Prune Trees to Make More Fruit and New Shoots

For most of us, hunting whitetails isn’t just a seasonal hobby — it’s a year-round obsession. With that obsession comes hard work, and a lot of it, but it’s something we love to do.

Photo by Ralph Hensley/Windigo

When it comes time to put away the bows and firearms, most of us switch back to being managers and stewards of the land, with the goal of improving the habitat and making for a better hunt the following season. Winter can be down time for some other hunters, but for us it’s the right time of year to get out the chainsaw and other tools and get to work on the trees.

Why winter? I know what you’re thinking: It’s cold and nasty out. Why should I get out of this nice, warm house and prune trees? The answer is simple: For the health of the trees, it’s the best time of year to do so.

As you might recall from biology class, a tree pulls water and nutrients up from the soil through its root system. The water ends up with the leaves, where sunlight turns the starches into sugars. Then it flows back down the tree to the roots. Most trees enter a dormant period after their leaves fall away. This is when it’s safest for the tree to be pruned. It’s not that you’re interrupting the flow of water and nutrients that makes this the safe time to prune. It’s that pruning when a tree is active is the easiest way to allow disease to enter.

A plethora of viral and fungal threats can harm or even kill a tree if they get to the core. The only way they can get there is through the bark. So if you open that up, you risk endangering the tree. Does that mean you shouldn’t cut a branch here or there during summer, such as when hanging stands? Not at all. Chances are you’re not going to damage a tree much in the process. They’re resilient.

There are many reasons to prune a tree. How and why you do it depend on the species and what you’re hoping to get as a result. Fruit trees are different from nut-bearing species. Likewise, hardwoods are different from evergreens with what you can accomplish from pruning.
The basic idea is to allow more light through the tree canopy, resulting in more fruit production. You’re also working to get the tree to put its stored energy into producing fruit and new shoots each season.

The right tools make a difference. Here an extension saw is being used to prune “bad” branches from an apple tree. Photo courtesy of Derrek Sigler

All you need to do is drive past a commercial orchard in winter to see pruning is pretty serious business. Why? It’s all about the physiology of the tree. The species we plant to provide food for whitetails store vast amounts of energy each season, and we want to convert that into fruit for the herd.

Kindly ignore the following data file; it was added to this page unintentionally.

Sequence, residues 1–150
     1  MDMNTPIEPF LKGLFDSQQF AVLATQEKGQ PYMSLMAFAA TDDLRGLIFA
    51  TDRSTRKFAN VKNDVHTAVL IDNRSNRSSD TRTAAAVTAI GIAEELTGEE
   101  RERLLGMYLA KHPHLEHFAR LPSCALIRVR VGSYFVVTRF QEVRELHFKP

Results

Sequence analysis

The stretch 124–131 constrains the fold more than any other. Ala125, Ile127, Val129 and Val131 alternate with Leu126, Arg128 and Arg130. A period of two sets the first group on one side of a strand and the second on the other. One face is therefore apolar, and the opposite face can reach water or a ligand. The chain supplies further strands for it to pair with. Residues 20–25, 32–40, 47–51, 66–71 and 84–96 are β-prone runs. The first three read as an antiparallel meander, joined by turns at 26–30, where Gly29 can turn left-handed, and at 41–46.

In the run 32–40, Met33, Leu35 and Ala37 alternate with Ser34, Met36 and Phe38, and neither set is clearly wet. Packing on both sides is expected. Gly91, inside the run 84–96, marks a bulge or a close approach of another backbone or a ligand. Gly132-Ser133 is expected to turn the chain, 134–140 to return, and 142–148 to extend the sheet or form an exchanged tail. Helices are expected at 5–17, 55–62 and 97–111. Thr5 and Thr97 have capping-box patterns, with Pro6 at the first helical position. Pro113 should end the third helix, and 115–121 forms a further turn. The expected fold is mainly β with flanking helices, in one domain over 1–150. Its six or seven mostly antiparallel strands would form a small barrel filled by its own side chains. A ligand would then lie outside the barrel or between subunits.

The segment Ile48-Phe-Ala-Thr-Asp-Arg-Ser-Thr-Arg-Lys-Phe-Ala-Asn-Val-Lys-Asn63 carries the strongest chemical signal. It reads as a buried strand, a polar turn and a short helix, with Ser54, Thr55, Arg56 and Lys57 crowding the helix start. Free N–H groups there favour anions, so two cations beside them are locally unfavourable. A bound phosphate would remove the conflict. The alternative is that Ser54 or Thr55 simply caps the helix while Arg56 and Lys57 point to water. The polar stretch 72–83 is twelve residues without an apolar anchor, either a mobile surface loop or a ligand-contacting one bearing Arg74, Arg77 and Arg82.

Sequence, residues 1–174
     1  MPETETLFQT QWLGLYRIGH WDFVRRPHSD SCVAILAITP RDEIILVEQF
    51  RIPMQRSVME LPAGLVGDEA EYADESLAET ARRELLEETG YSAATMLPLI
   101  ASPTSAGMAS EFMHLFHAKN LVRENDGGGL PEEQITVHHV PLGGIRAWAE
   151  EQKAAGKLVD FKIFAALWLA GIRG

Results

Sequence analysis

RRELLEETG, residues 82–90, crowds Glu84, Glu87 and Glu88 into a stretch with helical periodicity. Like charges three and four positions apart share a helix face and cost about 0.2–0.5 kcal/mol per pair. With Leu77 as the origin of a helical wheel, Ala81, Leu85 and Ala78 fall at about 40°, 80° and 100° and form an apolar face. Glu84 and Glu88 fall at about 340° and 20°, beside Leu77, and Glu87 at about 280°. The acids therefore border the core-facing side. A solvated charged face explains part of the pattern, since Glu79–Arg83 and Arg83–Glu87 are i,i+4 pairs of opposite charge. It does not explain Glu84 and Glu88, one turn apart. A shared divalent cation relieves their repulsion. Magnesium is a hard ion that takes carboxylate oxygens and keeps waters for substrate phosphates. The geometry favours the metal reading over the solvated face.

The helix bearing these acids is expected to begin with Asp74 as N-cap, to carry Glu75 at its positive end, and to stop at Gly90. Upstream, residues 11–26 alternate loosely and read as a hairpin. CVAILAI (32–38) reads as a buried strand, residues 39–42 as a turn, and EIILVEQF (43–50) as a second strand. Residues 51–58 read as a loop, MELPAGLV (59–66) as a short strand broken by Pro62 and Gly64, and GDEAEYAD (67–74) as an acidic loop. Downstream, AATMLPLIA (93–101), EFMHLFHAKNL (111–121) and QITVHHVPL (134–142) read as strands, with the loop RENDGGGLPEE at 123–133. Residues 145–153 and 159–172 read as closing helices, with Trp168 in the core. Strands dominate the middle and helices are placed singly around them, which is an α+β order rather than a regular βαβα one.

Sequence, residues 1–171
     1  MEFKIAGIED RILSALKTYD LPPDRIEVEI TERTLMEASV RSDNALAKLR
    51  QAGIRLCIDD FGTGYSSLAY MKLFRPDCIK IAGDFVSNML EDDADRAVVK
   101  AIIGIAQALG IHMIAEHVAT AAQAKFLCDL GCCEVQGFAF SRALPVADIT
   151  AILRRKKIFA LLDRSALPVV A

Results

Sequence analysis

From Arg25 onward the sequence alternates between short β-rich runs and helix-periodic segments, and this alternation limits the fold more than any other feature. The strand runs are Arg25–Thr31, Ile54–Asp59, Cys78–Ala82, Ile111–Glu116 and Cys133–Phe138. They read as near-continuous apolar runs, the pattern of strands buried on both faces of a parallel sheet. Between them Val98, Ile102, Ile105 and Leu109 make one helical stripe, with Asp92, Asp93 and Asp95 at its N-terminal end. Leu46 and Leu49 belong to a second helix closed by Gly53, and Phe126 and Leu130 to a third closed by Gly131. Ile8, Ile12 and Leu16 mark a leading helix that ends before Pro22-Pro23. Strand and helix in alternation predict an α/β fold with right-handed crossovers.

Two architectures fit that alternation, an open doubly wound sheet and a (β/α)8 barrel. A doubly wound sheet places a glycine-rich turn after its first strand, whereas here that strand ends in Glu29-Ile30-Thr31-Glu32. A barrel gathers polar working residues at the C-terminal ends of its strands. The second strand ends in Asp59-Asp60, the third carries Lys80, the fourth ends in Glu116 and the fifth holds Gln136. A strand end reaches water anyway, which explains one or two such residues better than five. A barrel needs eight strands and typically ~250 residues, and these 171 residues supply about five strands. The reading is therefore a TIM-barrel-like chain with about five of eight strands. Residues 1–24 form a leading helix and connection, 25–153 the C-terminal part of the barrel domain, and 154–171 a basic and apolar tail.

For example, let’s talk about apple trees. Like other species, they take up water and nutrients from the soil, and sunlight turns carbon dioxide into food for the tree. The roots act as not only a transfer system for the water and nutrients, but also as a “root cellar” during the dormant period, storing all of that energy.

Trees are no different from other plants in that when they grow, they get taller. On a mature tree that’s already producing, taller isn’t always what you want. In fact, what you want is a tree putting all available energy into producing the very things deer want to eat: fruit and new, tender shoots.

There are many similarities between growing bucks and growing fruit commercially. To get your trees to produce more of the very thing you want, you prune. What you’re doing is simplifying the tree, notes Terence Robinson, an applied fruit crop physiologist with Cornell University in Geneva, New York. You prune in earnest when the tree reaches maturity, much as a good deer manager removes bucks after they’ve reached their potential.

In all seriousness, though, most fruit tree varieties reach bearing maturity at around five years of age. At this point, you can start lopping what’s called the “central leader.” This is the branch that forms the top of the tree. If you think of the tree as a line going straight up from the trunk, the central leader is easy to identify.

“As the tree ages, the top tends to overgrow the bottom,” Robinson says. “To prevent this problem and to maintain good light distribution and good fruit quality as trees age, the top of the tree must be kept more narrow than the bottom of the tree.”

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